Burying a child is a nightmare that no parent should ever have to face. Unfortunately, however, parents do have to face this on a daily basis. While death is always something of a surprise, even when it is anticipated, it is never more heart-wrenching and shocking then when the deceased is an infant or a child. Most parents are simply not prepared for it; they never believed that instead of planning a celebration for their child they would be planning a funeral.
Here are three important things to remember if you are faced with this incredibly difficult and tragic task:
1. Take Your Time
In every respect, do not let anyone rush you. This might mean postponing the funeral for a few days so that you are able to spend time with your child and find some semblance of closure. It might also mean taking as long as you need to plan a memorial service that is in keeping with your child’s short but meaningful life. And of course, take the time to grieve and connect with others who share your loss.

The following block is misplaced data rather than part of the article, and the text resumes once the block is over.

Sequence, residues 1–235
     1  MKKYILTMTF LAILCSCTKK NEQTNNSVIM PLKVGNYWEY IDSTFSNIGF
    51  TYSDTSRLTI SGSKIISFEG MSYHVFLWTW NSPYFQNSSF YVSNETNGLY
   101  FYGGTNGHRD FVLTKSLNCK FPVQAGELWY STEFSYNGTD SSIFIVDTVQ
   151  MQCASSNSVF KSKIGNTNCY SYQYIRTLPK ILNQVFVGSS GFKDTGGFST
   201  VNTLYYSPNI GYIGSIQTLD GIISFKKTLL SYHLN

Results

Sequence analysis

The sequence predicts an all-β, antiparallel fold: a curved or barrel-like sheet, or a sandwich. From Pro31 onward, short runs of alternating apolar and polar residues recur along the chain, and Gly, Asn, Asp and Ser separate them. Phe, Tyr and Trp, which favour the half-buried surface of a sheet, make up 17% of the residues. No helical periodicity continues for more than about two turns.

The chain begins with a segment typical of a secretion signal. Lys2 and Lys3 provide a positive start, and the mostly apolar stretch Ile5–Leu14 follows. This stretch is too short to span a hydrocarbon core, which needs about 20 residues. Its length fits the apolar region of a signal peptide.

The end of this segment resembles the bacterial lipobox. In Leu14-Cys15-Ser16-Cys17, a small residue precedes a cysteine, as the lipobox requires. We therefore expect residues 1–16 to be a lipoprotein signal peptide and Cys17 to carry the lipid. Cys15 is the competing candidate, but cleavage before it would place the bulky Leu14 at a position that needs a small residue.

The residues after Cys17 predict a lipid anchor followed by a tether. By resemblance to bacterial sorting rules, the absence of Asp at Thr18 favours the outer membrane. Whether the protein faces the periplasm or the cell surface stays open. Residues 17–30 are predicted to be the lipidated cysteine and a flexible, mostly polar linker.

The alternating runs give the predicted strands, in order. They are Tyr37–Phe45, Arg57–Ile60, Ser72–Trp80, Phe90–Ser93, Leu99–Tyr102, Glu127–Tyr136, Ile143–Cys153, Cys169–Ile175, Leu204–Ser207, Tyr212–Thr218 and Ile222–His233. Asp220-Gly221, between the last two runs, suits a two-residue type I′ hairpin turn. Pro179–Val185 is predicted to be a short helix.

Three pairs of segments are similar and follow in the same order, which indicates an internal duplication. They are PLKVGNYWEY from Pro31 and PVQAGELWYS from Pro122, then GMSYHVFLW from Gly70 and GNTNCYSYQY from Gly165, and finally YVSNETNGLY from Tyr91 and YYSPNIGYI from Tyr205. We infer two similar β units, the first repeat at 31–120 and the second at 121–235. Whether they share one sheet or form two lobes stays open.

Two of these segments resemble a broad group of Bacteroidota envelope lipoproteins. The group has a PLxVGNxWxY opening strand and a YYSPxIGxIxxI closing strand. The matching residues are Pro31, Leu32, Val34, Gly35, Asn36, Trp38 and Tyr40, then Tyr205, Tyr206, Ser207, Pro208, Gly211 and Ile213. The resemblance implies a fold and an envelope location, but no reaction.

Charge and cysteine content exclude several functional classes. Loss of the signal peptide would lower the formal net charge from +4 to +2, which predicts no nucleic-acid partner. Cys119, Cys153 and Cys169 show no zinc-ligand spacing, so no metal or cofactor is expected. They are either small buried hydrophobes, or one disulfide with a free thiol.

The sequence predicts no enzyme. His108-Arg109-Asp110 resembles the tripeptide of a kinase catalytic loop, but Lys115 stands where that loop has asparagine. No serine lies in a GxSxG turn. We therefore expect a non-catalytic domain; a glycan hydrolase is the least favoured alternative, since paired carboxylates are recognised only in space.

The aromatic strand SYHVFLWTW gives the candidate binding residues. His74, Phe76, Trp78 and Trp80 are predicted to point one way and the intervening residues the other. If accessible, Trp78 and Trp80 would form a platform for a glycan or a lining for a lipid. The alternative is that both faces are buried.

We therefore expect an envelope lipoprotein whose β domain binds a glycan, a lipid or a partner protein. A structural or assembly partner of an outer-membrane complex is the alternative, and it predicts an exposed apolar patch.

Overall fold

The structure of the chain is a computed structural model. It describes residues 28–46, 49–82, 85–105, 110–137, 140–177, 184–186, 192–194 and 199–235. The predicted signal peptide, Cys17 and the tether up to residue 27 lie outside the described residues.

2. Consider a Service That Celebrates Instead of Mourns
Some families have found it useful to hold non-traditional funerals and memorial services to honor their child’s life and vitality, in contrast to a standard funeral. For example, one mother describes her use of a Dr. Seuss quote as the theme for the service as well as asking everyone to dress in her child’s favorite color instead of black. Remembering your child in the bright light in which they were born and loved may be the healing balm you need on this difficult day.
3. Create Memories
Your time with your baby was cut tragically short, but you still have the opportunity to create memories. Some families have found it useful to make and keep ceramic footprints or holding on to a lock of their child’s hair. However, there is no wrong way to memorialize your child—you may also consider planting a beautiful flower in their honor, or even simply creating a memory book with photos and mementos.
Losing a child is unbearable. Our hearts bleed for the parents that have had to experience this awful pain. The most important thing to remember when planning a child’s funeral is that this is your way to say goodbye, so do it exactly the way that you want. There are no rules to follow because how do you apply any kind of rules to something that transgresses the very nature of our existence?